Waatea News Update

News from Waatea 603 AM, Urban Maori radio, first with Maori news

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Location: Auckland, New Zealand

Monday, April 07, 2008

New skills needed for free trade workplace

The Maori vice president of the Council of Trade Unions says the free trade agreement with China highlights the need to upskill the Maori and Polynesian workforce.

Sharon Clair is in Beijing as part of the delegation signing the historic agreement.

She says while the deal has the potential to create jobs her in the primary produce and tourism sectors, it could lead to further pressure on manufacturing, where there is a concentration of Maori and Pacific Island workers.

She says the CTU wants a nationwide strategy to address the risk.

“Been pushing at the CTU for a national strategy which is about investment in skills for the Maori and Pacific workforce. We’re becoming a knowledge economy and we need to know that our skills can be transferred into other work areas,” Ms Clair says.


It's all go in the treaty sector as officials scramble to keep pace with the new minister for treaty negotiations.

Ben Dalton, the chief executive of the Crown Forestry Rental Trust, says the proposed $400 million Central North Island forestry settlement is just one of the negotiations Michael Cullen has fired up since taking the job.

The trust has so far spent more than $1.6 million funding all the iwi involved in the CNI collective, whose claims cover more than half the forest land licensed by the trust.

Mr Dalton says after years of frustration, both Crown and Maori feel progress can be made under Dr Cullen.

“Everybody is full pelt on this. All resources are totally committed to keeping pace with the direction he’s heading in. My riding instructions from our board were stick within the trust deed but be as flexible and as responsive as we can,” he says.

Mr Dalton says while there is a need for speed, the Trust and the Crown also have to make sure the assets go back to the right groups.


Taurangamoana iwi Ngati Rangitihi is celebrating a half century of close links with the Kingitanga.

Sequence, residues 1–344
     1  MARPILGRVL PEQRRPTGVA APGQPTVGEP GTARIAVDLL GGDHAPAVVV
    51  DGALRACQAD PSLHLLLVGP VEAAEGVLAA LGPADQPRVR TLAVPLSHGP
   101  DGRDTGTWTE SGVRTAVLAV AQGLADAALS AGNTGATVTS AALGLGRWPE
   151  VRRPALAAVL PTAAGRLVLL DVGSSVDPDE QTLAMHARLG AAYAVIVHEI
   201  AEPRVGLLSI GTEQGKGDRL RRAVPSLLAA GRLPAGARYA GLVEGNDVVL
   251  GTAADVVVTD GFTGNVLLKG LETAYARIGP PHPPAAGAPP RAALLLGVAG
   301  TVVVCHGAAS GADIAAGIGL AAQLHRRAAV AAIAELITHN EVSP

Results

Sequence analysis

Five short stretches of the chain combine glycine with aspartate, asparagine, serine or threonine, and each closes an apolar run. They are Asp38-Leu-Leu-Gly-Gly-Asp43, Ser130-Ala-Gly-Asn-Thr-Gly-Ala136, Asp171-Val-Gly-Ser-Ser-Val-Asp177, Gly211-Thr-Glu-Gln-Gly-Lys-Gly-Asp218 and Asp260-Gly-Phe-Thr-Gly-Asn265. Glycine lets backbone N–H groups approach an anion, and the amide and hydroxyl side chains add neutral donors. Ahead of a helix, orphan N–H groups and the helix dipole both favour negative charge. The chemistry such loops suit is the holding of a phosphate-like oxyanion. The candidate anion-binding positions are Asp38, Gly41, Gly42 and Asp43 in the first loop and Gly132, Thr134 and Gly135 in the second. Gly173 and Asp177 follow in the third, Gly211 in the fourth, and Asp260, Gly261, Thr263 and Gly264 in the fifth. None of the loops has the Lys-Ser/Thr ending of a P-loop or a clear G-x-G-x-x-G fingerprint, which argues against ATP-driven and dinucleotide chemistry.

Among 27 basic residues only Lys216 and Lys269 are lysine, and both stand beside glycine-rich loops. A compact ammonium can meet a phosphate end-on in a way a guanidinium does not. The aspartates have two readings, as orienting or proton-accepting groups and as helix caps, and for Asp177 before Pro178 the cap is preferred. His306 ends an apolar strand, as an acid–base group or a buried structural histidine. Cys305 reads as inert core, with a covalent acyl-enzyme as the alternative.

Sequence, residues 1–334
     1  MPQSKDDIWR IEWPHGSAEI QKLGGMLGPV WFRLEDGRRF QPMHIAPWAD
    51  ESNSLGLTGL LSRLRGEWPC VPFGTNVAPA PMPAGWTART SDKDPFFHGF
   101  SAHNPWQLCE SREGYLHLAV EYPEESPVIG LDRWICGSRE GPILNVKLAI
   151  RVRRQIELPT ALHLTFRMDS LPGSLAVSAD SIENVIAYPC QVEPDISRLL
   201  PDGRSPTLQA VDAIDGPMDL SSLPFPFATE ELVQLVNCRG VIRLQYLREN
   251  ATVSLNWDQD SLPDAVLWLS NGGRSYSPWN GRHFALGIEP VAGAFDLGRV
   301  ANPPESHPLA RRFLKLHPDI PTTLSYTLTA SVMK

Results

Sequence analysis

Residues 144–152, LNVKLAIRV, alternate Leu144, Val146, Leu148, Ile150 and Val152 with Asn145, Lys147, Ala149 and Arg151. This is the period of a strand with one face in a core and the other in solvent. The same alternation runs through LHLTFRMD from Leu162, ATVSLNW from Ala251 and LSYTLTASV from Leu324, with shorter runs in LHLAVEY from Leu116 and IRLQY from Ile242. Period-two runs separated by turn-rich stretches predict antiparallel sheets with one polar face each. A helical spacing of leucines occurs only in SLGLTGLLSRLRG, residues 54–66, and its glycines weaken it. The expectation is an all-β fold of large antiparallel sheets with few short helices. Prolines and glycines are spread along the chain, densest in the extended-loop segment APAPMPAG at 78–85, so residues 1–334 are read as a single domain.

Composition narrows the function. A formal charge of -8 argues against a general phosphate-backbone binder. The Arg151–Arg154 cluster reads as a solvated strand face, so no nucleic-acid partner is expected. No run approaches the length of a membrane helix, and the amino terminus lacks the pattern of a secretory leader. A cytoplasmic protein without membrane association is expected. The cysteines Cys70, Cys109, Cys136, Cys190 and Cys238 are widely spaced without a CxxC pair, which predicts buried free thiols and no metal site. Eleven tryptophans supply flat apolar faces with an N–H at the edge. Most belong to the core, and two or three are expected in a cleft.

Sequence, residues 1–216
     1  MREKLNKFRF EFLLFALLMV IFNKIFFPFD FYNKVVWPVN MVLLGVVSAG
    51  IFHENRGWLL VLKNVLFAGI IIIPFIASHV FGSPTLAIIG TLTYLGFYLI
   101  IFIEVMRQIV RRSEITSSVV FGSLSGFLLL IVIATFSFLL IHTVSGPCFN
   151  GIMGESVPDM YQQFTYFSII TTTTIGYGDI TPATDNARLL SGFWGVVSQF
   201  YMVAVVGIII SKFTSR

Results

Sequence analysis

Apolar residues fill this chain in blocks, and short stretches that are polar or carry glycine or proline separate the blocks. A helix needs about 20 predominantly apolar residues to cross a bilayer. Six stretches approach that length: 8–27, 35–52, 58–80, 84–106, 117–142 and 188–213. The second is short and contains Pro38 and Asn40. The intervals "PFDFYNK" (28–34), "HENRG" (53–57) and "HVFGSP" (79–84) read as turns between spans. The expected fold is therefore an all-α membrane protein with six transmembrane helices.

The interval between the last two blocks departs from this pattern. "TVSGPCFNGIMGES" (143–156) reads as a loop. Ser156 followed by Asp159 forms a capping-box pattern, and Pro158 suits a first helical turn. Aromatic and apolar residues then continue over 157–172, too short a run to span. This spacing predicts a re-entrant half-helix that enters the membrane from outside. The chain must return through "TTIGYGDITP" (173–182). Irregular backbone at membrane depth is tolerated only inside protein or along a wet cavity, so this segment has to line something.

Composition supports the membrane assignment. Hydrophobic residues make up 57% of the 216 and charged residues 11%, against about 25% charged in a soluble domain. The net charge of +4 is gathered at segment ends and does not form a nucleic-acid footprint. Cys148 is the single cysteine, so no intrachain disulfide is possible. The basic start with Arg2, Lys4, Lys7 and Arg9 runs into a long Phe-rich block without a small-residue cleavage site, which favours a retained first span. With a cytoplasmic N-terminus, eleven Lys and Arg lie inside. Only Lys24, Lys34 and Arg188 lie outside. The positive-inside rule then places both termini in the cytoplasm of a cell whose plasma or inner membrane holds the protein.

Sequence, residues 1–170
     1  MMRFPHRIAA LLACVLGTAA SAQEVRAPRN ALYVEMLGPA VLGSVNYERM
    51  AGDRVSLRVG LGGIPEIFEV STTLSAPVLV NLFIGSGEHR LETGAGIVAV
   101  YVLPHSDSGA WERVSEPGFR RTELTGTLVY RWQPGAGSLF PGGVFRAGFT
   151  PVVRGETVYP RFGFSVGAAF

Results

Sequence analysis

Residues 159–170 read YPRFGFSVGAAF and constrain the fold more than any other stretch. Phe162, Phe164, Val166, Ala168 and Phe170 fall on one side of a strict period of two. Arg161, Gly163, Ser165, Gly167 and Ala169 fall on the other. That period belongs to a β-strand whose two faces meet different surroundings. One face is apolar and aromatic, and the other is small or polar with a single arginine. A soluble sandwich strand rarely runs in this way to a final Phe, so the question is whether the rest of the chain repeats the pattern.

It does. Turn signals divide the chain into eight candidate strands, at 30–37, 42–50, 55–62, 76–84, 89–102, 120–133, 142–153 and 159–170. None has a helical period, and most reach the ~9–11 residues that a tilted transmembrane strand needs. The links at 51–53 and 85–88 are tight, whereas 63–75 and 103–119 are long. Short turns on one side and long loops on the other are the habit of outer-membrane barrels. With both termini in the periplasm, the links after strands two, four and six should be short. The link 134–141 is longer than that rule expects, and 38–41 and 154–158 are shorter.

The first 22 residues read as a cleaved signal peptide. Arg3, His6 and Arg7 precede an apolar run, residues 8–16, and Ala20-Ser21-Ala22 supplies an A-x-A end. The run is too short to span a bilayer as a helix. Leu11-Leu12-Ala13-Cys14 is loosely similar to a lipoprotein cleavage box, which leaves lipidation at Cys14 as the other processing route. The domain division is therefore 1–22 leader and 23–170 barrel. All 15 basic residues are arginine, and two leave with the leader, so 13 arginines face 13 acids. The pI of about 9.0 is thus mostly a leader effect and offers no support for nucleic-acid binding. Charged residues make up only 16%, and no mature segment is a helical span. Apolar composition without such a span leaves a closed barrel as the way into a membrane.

More than 300 people including King Tuheitia attended the fiftieth Taurangamoana poukai at Huria Marae on Saturday.

A highlight was the launch of a book about the connection.

Co-author Tracey Ngatoko says Te Mahuritanga o te Poukai acknowledges the contribution of scholar Maharaia Winiata, a former secretary to the King movement, who led the building of the house Tamatea pokaiwhenua on the marae and is buried in its shadow.

“We sort of start off with what the Kingitanga movement’s about and its significance to Ngati Ranginui as a whole, and in the times of Te Karehana, for Taurangamoana wide, the relation ship that Maharaia Winiata had with Tainui and Tainui with him and how those links are still maintained today,” Ms Ngatoko says.

The book includes many rare historical photos of Tainui and Taurangamoana elders.


A member of the trust responsible for helping Maori in freshwater fisheries believes Maori are poised to dominate the sector.

Morrie Love says pan-iwi settlement conglomerate Aotearoa Fisheries already owns most of the eel processing capability, and Maori fishers have strong interests in both the commercial and customary take.

He says many quota holders are nearing retirement age, and could exit the industry in the next few years.

“If iwi are smart now, they’ll look at getting full control on the commercial sector by getting both the quota interest, part of which they get through the settlement, others they’ll need to buy, plus taking over the catching sector,” Mr Love says.

That level of control means iwi would be in control of making decisions about whether balancing commercial and customary harvest for long term sustainability.

Maori fishers are in Napier today and tomorrow for the third annual Maori fisheries conference, Ta Matau a Maui.


A union organiser is picking Maori and Pacific Island manufacturing workers to be the big losers from the free trade deal with China.

John Minto from low income workers' union Unite says since tariffs were lifted on imported Chinese goods in the mid 1990s, more than 50,000 manufacturing jobs have been lost.

He says the agreement signed in Beijing today will encourage New Zealand manufacturers to move their businesses offshore chasing cheaper labour.

“Instead of people making shoes, we end up with jobs stacking the shelves of The Warehouse with shoes from China, so we go from relatively well paid jobs for people to low paid jobs in the retail and the service sector, and that impacts disproportionately on Maori and Pacific workers in New Zealand,” Mr Minto says.


Waiariki Institute of Technology has a new number two.

Keith Ikin, from Ngati Maniapoto, has taken up the role of deputy chief executive of one of the largest tertiary institutions in the country with campuses in Taupo, Tokoroa, Whakatane and Rotorua.

The former broadcaster with more than half its students being Maori, the polytechnic needs to be aware of the needs of iwi as they move towards a post-settlement environment.

“For most iwi, education is a big part of that, so we’re now having some really meaningful discussions with iwi directly on what they see as their priorities for tertiary education and as a tertiary institution if we want to be up with the play, we’ve got to align ourselves with what iwi want for the future,” Mr Ikin says.

Waiariki Institute of Technology wants to get more of its Maori students into higher-level qualifications, rather than preparing them for the forest floor or the milking shed.


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